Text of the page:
Saturday was Parachute Day. Behind Los Tillales and the surrounding communities, there is a mountain shaped like a seat, so that it had a flat plain built into it near the top. Every year, men with parachutes jump from this mountain and land in a dusty lot in the neighboring community, Miraflores. The set up a tent at the far end of the lot for spectators to be protected from the sun, and at night there is a dance there. First I watched them jump from the mountain from my host grandma’s back porch, because her house is higher than ours. Then a little later I went to the lot to see them land. It was pretty fun, but after about an hour there was an accident. One of the parachuters came down too early so that instead of landing in the lot, he landed in the trees about quarter mile before the lot. It took the ambulance like 20 minutes to get there, but from what I understand, he is going to be ok… he just injured his leg pretty badly. At night I was supposed to go to the dance with some of Jen’s friends who involved in the youth groups here. They picked me up at 8 and we walked to the dance but there was no one there, so we went to Sucre and hung out at the park for awhile, then went back to the dance at like 9:15-9:30. I didn’t really feel like dancing though, so I just kind of hung out. It was still fun though. They are a very funny group and kept asking me to say words in English for them. Also, I overheard my neighbor Marcela and one of the girls saying my Spanish has improved a lot in the last 2 weeks, which made me feel really good.

Yesterday, Sunday, I hung out with Marcela and my host mom, and then went swimming in the river with some of the kids. They were trying to teach me how to skip rocks, and I got a few, but my success was limited. After we left the river we walked a little bit until will found a mandarin tree, them plucked some off and ate them. It was a nice, lazy day.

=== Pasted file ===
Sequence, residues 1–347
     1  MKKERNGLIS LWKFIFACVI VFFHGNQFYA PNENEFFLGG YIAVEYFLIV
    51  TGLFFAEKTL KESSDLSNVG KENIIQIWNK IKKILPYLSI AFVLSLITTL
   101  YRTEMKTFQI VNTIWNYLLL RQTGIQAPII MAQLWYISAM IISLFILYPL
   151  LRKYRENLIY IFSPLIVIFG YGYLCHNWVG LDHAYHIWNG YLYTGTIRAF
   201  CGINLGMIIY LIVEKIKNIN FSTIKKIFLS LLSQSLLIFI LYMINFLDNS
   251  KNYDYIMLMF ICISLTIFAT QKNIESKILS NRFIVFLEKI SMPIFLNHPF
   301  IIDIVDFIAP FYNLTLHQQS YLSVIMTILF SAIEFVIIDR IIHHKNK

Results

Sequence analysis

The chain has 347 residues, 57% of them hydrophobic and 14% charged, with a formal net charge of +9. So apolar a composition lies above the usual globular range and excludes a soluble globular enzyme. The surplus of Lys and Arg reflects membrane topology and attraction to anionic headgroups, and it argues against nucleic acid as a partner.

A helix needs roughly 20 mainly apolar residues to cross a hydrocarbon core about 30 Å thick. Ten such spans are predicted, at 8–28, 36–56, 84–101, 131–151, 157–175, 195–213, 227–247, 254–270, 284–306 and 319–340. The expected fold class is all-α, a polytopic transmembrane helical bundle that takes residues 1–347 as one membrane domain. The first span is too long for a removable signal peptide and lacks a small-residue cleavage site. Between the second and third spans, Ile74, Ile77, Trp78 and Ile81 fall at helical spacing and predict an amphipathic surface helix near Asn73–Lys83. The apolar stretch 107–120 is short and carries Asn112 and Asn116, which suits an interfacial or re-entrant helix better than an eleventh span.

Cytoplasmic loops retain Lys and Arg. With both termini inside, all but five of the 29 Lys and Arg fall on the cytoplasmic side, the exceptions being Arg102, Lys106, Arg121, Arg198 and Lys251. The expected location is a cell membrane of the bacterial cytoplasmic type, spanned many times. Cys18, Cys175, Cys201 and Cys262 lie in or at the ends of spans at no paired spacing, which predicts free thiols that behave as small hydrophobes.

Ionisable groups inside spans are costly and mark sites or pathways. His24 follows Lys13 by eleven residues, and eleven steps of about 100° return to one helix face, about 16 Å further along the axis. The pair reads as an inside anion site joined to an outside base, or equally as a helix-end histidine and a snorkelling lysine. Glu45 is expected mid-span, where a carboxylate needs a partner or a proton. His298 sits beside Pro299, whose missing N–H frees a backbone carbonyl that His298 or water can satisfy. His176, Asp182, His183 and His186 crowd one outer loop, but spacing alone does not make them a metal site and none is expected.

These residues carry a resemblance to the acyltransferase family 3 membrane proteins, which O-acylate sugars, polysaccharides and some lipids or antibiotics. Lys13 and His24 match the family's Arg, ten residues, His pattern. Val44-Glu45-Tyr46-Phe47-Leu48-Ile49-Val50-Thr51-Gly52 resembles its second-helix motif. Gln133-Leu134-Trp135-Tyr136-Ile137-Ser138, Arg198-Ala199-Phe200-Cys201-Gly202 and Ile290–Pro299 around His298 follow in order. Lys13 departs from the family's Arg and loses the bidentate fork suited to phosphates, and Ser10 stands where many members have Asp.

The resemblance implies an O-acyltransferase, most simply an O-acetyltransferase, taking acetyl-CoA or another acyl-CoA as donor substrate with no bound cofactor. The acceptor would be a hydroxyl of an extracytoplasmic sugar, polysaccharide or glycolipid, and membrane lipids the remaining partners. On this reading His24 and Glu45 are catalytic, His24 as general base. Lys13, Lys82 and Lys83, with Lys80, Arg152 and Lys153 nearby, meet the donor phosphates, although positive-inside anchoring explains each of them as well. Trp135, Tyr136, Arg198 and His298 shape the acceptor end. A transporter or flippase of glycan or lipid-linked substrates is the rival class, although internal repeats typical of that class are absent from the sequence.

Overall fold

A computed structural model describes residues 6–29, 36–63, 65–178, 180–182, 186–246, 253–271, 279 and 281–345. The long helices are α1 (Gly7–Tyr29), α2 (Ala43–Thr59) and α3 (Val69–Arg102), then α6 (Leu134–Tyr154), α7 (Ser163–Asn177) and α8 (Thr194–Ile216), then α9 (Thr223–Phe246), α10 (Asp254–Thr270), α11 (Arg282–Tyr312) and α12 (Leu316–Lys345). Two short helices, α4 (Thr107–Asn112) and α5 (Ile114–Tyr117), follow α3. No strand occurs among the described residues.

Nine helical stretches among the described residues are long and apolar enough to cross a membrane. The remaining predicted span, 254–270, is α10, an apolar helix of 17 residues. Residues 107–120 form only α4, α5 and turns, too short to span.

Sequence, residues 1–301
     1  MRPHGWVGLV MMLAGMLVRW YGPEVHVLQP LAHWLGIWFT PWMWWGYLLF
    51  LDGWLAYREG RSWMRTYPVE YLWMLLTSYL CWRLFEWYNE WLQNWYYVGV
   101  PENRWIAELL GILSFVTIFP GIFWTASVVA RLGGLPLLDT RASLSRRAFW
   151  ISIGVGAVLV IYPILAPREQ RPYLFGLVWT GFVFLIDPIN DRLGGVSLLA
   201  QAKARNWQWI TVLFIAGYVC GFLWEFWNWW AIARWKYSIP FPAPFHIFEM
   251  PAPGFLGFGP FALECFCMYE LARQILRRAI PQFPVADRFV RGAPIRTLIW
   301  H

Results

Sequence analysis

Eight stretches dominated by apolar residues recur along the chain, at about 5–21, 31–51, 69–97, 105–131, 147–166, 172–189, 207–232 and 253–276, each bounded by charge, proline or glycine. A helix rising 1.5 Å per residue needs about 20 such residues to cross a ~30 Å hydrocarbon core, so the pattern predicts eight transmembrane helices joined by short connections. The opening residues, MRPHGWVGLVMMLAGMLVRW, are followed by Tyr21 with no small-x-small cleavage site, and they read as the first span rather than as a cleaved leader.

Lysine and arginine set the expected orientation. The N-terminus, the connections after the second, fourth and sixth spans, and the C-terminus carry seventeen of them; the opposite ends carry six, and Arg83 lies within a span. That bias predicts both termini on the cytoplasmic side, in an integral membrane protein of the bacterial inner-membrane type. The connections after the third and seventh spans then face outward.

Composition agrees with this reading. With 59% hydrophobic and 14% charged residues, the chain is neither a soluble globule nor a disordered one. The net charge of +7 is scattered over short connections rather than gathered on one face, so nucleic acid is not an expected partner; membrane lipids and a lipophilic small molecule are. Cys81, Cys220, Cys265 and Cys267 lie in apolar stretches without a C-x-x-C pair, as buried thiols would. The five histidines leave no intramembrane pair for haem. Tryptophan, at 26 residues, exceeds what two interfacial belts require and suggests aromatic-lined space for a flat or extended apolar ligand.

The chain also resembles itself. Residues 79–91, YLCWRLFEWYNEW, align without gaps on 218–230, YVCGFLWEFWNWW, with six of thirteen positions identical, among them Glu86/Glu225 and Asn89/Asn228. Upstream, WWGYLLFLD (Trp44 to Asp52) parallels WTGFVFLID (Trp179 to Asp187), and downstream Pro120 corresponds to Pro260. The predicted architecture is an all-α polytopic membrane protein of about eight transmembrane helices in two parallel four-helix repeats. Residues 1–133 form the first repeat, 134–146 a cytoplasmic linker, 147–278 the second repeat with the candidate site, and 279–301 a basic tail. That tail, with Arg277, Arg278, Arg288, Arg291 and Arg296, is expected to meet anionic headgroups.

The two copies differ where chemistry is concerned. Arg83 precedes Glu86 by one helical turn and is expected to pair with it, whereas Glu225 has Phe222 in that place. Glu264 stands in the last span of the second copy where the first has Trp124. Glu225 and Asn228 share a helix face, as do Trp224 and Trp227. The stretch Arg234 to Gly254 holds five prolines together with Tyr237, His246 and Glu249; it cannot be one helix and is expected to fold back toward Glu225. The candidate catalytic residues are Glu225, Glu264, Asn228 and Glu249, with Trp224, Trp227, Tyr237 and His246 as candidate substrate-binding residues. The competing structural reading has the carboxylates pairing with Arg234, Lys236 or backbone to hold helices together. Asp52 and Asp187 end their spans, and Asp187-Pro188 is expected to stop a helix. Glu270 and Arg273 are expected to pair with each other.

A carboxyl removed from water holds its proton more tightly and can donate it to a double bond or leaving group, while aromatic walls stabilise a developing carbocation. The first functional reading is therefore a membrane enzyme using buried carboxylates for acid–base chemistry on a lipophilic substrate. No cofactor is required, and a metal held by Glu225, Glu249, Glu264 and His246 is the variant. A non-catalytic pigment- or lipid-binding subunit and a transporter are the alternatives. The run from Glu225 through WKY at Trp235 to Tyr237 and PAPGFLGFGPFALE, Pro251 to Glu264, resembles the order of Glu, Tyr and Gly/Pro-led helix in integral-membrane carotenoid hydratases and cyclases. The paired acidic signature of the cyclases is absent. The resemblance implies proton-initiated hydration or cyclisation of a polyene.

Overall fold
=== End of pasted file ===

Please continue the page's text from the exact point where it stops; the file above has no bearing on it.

I am getting excited for the next few weeks; I will be starting the reading hour for the kids, then a couple of weeks after that I am starting English classes, since so many people have asked me to. I will also be looking into collecting materials to start the gardening project with the health center. Plus, I will get the copies of my community assessment survey on Wednesday so I can start those too. I feel like every where I look, there are opportunities for great programs!

A Small Request for You

So this isn’t exactly a typical blog; I am actually writing you with a specific request, which requires a little background information. There was a volunteer here before me, Jen, and she started a small children’s library in her house. When she left, she left the books for me to continue the project. In addition to this, I am also having a reading hour with the kids in the community, like Jen did. I plan on reading to them every Friday afternoon. This will help me get to know them and their mothers, and also give me a chance to practice speaking Spanish in front of a group.

The way Jen collected the books was by asking friends and family to mail her Spanish books from the United States, and now I am asking you to do the same. It is of course in no way obligatory, but if you are able, it would be awesome. I am also asking that even if you can’t send anything; please forward this to your friends, family, and coworkers; as many people as possible. The more people that know about it, the better. There is no time limit; I will be trying to collect as many books as I can in the next few years. So, you can send them now, or for Christmas, or 6 months or a year from now, it is up to you.

I also realize it could be little challenging to find books written in Spanish in the United States. Jen said that her family and friends were able to find a lot online, and that discount stores like Ollies, Big Lots, and Ocean State Job Lots are good places to check. Scholastic Books also publishes books in Spanish, under “Scholastic en Espanol”. Jen collected quite a few books for little kids, so what I really am looking for are books that fall into three categories: middle school (think Judy Bloom), young adult (currently we only have the Twilight series and some of the Harry Potter series), and books for adults (the moms asked if there were any books that they could borrow too). I have attached a current list of the books so you can see what we do and don’t have. You can mail the books to my address below. Please declare a value of $0 on the customs forms so that I do not have to pay fees to receive them.

Katrina Organ
Casilla 13-01-296
Portoviejo, Manabí
Ecuador, South America

Thank you in advance; I know you are all wonderful people and you will do what you can, whatever that may be.